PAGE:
Hi. My name is Donald. And I spend too much time staring at my phone.
Bad habits are easy to form. Social media and its constant temptation of more vaguely interesting things to read is like Exterm-an-ant for presence, concentration, and actually getting things done. Just like my favourite ant killer, sold at Farmlands,1 they draw you away from your path, providing you with something that smells yummy but is ultimately death.2
Back when I was a student writing up a thesis I realised that I spent too much time reading Slashdot.3 So I modified my web browser configuration, via the under-appreciated proxy autoconfiguration system, to not let me visit Slashdot at all. So when my code (or thesis) was compiling, I’d reflexively switch to my browser and type slashdot.org and … it wouldn’t work, and I’d remember that I was supposed to have finished writing up several months ago and my enrolment had lapsed but the university hadn’t noticed that I still had an office and I should really get back to that thesis.
This seems trickier to do with mobile phones. I deleted the Facebook (good riddance!) and Twitter (moderate riddance!) apps about a year ago. And immediately shifted to just using them via the web browser instead. I didn’t spend any less time at either site. In fact, due to such wonderful misfeatures as Twitter’s sending you back to the latest tweet when your page was reformatted due to turning the cellphone around, I probably spent more.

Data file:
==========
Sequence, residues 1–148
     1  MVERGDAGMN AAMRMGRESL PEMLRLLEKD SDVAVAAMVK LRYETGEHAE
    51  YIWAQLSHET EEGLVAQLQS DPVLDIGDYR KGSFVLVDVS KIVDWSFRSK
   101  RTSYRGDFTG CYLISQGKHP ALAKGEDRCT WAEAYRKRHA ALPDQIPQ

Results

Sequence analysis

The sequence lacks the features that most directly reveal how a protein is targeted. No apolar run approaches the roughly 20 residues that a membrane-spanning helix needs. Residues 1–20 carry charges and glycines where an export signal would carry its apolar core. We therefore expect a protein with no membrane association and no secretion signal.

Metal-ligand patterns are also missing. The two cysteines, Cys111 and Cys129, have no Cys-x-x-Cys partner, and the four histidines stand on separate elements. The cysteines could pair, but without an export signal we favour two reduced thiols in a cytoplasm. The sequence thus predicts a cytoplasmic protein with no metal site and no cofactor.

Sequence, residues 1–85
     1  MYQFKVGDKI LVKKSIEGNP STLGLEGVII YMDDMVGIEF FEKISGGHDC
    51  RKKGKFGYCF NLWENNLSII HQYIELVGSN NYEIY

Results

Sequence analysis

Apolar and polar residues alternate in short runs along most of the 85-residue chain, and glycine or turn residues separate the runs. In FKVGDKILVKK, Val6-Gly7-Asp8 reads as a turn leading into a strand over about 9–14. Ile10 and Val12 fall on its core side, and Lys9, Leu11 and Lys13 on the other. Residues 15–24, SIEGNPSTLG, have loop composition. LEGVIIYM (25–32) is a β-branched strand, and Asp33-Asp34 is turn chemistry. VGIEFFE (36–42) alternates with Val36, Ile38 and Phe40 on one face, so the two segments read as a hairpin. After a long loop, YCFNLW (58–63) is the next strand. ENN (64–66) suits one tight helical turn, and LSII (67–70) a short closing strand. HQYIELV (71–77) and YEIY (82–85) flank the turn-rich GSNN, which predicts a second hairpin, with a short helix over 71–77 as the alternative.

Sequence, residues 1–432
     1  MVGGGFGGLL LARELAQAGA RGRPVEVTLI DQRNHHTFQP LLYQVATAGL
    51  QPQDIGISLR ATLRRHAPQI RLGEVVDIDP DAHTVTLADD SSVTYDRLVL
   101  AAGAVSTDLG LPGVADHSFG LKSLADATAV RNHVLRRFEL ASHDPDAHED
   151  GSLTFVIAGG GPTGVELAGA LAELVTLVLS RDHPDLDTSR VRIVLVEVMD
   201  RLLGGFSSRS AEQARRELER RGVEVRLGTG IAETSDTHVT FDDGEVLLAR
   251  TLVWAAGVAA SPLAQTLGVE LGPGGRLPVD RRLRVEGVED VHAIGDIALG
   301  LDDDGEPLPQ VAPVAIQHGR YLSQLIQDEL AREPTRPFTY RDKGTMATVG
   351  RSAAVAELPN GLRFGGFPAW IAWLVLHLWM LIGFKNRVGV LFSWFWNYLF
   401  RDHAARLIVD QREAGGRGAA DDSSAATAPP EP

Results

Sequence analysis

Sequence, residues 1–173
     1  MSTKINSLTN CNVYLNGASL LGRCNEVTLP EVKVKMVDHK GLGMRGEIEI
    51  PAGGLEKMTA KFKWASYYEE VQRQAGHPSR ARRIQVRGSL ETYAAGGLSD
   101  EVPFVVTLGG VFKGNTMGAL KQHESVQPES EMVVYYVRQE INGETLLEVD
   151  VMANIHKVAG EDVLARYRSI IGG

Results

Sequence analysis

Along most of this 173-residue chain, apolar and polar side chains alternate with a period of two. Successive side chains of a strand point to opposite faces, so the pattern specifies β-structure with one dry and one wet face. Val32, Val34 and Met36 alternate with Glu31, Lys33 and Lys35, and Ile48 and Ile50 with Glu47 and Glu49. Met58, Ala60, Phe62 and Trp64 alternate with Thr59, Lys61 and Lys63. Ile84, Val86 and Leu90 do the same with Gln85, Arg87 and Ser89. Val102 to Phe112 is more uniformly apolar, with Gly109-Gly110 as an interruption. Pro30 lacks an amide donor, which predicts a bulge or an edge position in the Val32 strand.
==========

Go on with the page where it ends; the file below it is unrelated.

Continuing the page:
I’d love to ditch the smartphone entirely. Now that I work from home, I don’t need to listen to music or read things on my phone while commuting. Ironically, the one killer app for me owning a smartphone over a cheap feature phone is the budgeting app we use, GoodBudget. It’s like an “envelope system” – you allocate weekly expenditure to different categories – except that you don’t have to deal with cash. And it’s only available for Android and iPhone.
So I’m stuck with keeping the smartphone, yet not using Facebook and Twitter. I’ve demonstrated that I will jump small hurdles to keep using them. So I’m trying a two-pronged approach.
Unfollow people I don’t have a very good reason to follow
I follow a lot of people on Twitter. Some of them say interesting things occasionally. Some say interesting things often. Some are close friends. Some are colleagues or ex-colleagues. Some are local. Some are far away.
That’s a lot of people. If my Twitter use has any purpose at all, it seems to be to collect potentially interesting people so I can spend lots of my time reading what they write or link to.
That purpose has to change, or I have to drop off Twitter entirely. So I will enact a new following policy: I will only follow you if
- I know you OR
- I’d like to know you and there’s actually some chance of that happening OR
- You’re local (which is really a special case of the above) OR
- You’re the Pope, John Darnielle or Brian Zahnd.
The Pope’s pretty quiet on Twitter (clearly prefers quality over quantity). I absolutely must know if there’s a new Mountain Goats album (or book) out. And I still mean to read A Farewell to Mars.
Remind myself to stop using the darn things
I’m not an idiot. Surely I should be able to remind myself that I don’t want to spend much of my day staring at small rectangle. I have several half-finished books to read, after all.
If you see less of me online, this is why. If you want a quick response I recommend calling me; if you don’t mind, I hear email was quite popular before Facebook messages reared their ugly head. Please don’t be offended if I unfollow or unfriend you. It’s not that I don’t like you. It’s just that I’m trying to opt out of social media as low grade habitual entertainment. I’ll still buy you a coffee if you’re in my neck of the woods, and you are welcome to hold me to this promise.